edged a little bit last month. he still is concerned about this after saying it is his top domestic priority. so today he's going to be trying to make the case to voters and this is about the invasion in ukraine but also talking to them about other reasons this is because of which we know is the supply chain disruptions, severe weather that is happening, all the issues leading to the main problems he's talking about today. but overall what we should note is that six months out from the midterm elections, he's trying to make the case to voters that democrats are better equipped to handle these issues than republicans. so you can expect him to use some of that language he was talking about yesterday saying he doesn't believe republicans have a better plan here in his speech today. >> catlin colins a the white house, thank you. a deeper dive now. i'm going to bring in the chief economist at mooneys analytics. great to have you. the inflation rate ticked down slightly from last month. it's still high. do you think we have hit peak inflation yet?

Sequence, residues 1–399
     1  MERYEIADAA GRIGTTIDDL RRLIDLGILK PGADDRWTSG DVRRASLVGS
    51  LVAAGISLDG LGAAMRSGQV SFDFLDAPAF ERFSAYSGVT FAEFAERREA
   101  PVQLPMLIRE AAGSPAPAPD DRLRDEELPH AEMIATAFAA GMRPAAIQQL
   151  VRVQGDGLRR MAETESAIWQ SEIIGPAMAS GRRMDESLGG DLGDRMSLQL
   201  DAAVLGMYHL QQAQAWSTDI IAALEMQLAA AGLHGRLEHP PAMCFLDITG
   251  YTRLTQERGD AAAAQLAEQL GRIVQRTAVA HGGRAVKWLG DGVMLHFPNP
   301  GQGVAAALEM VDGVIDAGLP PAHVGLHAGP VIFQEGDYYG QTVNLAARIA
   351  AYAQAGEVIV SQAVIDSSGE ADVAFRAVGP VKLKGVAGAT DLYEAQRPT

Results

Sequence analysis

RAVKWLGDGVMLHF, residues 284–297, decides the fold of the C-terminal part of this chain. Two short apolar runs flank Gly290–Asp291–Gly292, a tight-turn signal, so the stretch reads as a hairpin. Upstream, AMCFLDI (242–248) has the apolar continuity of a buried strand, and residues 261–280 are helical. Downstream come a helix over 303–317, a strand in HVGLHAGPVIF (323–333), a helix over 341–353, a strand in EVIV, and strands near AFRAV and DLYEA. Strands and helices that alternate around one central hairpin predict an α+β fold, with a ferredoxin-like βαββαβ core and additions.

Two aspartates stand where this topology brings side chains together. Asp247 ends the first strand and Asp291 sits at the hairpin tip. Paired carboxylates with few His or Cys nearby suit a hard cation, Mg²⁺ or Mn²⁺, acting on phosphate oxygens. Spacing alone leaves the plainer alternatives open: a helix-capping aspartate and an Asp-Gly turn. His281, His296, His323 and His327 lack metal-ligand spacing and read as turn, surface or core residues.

>> ana, i say this with trepidation but yes. the inflation we're suffering through now is largely as a result of the pandemic. the impact on supply chains and labor markets and the russian invasion of ukraine juiced up oil and other commodity prices. i'm hopeful we'll continue to move to the other side of the pandemic. supply chains will iron themselves out and the worst of the fallout from the russian invasion on commodity markets is in the rear view mirror. if that's the case, yeah, i think we're going to see better inflation numbers ahead of us. but having said that, it'll take awhile meaning, you know, not 12 or 18 months to get back to inflation we feel comfortable with. >> okay. when you're talking about getting back to inflation that we feel comfortable about, let's just be clear here. does it mean prices are going to drop? will we get more chips in the bag again? does this just mean things sort of plateau? so these high prices we're paying now will stick around? >> yeah, mostly they'll stick